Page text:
Volkswagen is currently working on developing a Level 4 autonomous driving system for the upcoming ID. Buzz. The German firm has partnered with the American technology company, Argo AI, with the aim of putting its self-driving electric van on the road by 2025.
A Level 4 autonomous driving system would hardly need any supervision from the driver, as it should be able to respond to incidents on its own. However, Volkswagen acknowledges that the technology still has a long way to go before it’s 100 percent reliable, so it only plans to make the system available in certain cities at the ID. Buzz’s launch.
Volkswagen and Argo AI have already established a test facility at Munich airport, with the pair planning to start the first trials on European roads later this year. Every development mule will be equipped with an arsenal of cameras and radar sensors, as well as Argo AI’s newly developed lidar sensor, which will allow the test vehicles to detect objects up to 400 metres aways.
The announcement also provides us with another teaser image for the ID. Buzz, whose and styling doesn’t appear to have changed since the last time we saw it. It features the same retro design language, inspired by the Type 2 Microbus of the 1950s, albeit with a new dome in the roof, which we assume houses the lidar sensor.
Speaking at the 2017 Geneva Motor Show, Volkswagen’s design boss Oliver Stefani said: “We would like to bring [the Microbus] back because it fits so well to what the brand stands for: it’s emotional, it has functionality, it makes your life easier.”
“With the MEB platform this is the chance now to get the proportions back,” he added, referring to the fact that you don’t need to have an engine in the front with an EV. “But you can also get much more interior space, almost one class higher.”
Volkswagen ID. Buzz concept in detail
Volkswagen describes the ID. Buzz as a vehicle which “transfers a Microbus feeling into the future.” It draws design inspiration from the iconic Type 2 van, sharing its blunt nose, large VW roundel and two-tone paint job. However, the space-age interior, enormous 22-inch alloy wheels and wraparound LED headlamps modernise the design.
Its styling certainly fits with the rest of Volkswagen’s ID. range – and, like its siblings, it’ll be based on the company’s dedicated MEB electric underpinnings. The chassis will be stretched out to van-sized proportions, giving a 3.3-metre long wheelbase and short overhangs, but the electric motors and battery packs should be carried over.
The wheel-at-each-corner design gives the ID. Buzz space for a flexible eight-seat cabin, with multi-adjustable rear chairs and a driver’s seat that swivels 180 degrees. The latter action happens automatically when the autonomous ID. Pilot mode is selected, retracting the single-piece capacitive touch steering wheel while the car takes full control of the driving.
Other tech includes an augmented reality head-up display and a removable portrait tablet that controls the car’s functions.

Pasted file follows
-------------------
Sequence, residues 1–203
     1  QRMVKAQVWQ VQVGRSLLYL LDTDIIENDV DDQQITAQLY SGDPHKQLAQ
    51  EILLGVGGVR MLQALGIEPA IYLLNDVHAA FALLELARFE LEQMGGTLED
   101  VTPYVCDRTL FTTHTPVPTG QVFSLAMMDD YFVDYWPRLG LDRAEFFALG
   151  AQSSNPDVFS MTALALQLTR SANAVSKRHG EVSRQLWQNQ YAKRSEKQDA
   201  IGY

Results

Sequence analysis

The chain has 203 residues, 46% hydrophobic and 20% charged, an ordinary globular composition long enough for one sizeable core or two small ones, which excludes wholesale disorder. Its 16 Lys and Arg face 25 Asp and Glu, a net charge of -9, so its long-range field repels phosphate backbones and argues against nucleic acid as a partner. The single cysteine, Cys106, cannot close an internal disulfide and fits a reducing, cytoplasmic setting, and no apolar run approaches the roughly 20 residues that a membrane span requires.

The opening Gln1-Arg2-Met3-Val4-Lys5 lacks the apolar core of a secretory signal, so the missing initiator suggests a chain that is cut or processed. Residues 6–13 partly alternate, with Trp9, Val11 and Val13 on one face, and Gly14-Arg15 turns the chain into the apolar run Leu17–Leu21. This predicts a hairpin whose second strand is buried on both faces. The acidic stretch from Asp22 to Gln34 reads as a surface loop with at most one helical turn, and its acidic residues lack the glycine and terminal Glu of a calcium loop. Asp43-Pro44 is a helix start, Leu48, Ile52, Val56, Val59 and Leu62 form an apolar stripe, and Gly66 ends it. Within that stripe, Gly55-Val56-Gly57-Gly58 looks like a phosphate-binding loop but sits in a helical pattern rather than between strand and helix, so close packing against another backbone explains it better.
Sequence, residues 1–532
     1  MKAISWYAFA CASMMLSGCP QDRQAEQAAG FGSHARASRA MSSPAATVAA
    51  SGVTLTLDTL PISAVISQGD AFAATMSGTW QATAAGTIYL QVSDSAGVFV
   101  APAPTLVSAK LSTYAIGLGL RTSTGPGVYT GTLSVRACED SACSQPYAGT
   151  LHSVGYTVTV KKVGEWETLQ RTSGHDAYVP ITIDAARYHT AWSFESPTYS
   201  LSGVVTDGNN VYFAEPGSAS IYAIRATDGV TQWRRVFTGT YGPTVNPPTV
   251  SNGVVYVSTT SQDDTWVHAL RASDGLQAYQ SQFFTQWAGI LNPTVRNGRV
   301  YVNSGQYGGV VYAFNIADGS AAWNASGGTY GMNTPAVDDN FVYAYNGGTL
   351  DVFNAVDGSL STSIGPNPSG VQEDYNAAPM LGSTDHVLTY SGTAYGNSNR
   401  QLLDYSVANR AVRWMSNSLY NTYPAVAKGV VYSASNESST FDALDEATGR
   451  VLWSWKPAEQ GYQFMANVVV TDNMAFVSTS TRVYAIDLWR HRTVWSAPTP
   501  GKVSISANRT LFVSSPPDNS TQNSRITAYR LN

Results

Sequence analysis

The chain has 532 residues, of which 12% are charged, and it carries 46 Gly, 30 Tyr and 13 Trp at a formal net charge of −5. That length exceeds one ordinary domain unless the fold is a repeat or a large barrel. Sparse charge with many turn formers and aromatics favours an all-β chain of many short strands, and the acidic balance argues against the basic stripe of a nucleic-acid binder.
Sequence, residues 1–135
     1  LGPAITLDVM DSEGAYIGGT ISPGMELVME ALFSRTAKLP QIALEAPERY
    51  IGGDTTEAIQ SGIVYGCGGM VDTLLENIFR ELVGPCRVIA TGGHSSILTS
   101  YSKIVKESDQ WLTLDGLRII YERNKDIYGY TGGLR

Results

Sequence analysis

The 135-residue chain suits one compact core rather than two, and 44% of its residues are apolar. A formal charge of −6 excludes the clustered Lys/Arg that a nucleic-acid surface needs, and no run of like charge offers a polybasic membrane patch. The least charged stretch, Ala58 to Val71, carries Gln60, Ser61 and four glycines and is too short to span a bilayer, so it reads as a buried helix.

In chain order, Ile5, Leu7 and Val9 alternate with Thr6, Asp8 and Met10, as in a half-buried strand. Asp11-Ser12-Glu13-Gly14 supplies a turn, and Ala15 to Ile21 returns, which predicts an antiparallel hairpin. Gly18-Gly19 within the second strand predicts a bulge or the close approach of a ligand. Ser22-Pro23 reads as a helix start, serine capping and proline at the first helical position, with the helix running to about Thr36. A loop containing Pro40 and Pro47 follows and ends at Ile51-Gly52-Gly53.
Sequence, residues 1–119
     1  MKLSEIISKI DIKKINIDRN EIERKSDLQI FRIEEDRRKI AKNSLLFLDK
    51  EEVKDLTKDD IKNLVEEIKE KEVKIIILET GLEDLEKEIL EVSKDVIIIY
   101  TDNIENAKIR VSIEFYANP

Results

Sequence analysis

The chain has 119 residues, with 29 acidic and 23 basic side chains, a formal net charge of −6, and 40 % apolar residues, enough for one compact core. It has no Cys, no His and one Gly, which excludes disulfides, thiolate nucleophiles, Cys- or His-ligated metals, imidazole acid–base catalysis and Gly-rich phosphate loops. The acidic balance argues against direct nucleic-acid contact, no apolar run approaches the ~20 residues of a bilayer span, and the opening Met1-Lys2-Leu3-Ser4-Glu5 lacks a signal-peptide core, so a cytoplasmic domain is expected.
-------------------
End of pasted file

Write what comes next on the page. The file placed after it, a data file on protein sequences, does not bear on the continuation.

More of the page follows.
When Volkswagen first unveiled the ID. Buzz concept back in 2017, it teased two electric powertrains. The entry-level van was due to receive a rear-wheel drive, single-motor option with 200kW, with the flagship getting a 275kW four-wheel drive, twin-motor system.
We’re four years in the future now, though, and judging by Volkswagen’s current ID. range, the brand aims to chase manufacturing efficiencies wherever possible. So, the production version of the ID. Buzz will probably feature likely the same range of powertrains as the ID.4 SUV, kicking off with a 150kW single-motor system and potentially topping out at a 220kW GTX-badged four-wheel drive variant.
The batteries will be in the same place as the concept’s, though, acting as a structural member of the van’s floor and lowering the vehicle’s centre of gravity. Rear air suspension and adaptive dampers aim to deliver high levels of comfort, while a 10-metre turning circle is promised, thanks to rear-wheel steering.
Volkswagen said the original ID. Buzz concept could sprint from 0–100km/h in five seconds and reach a limited top speed of 160km/h, although these figures will likely are expected to change for the production model.
The concept’s maximum claimed range was also rated at 600 kilometres on the old NEDC test programme and, while this will also reduce for the production model (thanks in part to the more stringent WLTP yardstick), a range of more than 480 kilometres should be possible.
Although not officially confirmed, the ID. Buzz is also expected to act as the autonomous flagship for Volkswagen’s new Uber rival, MOIA. The ride-hailing company was established in 2018 and plans to steadily expand its operations over the next five years, becoming the first brand to use the self-driving van in 2025.
Robert Henrich, CEO of MOIA, said: “MOIA has extensive experience in the field of mobility services and fleet management. Within a very short time, we have set up Europe’s largest, all- electric ridepooling service and provided mobility to millions of passengers. We bring this expertise to the cooperation with Volkswagen Commercial Vehicles and Argo AI. Hamburg will be the first city to offer an autonomous ridepooling service with an ID. Buzz.”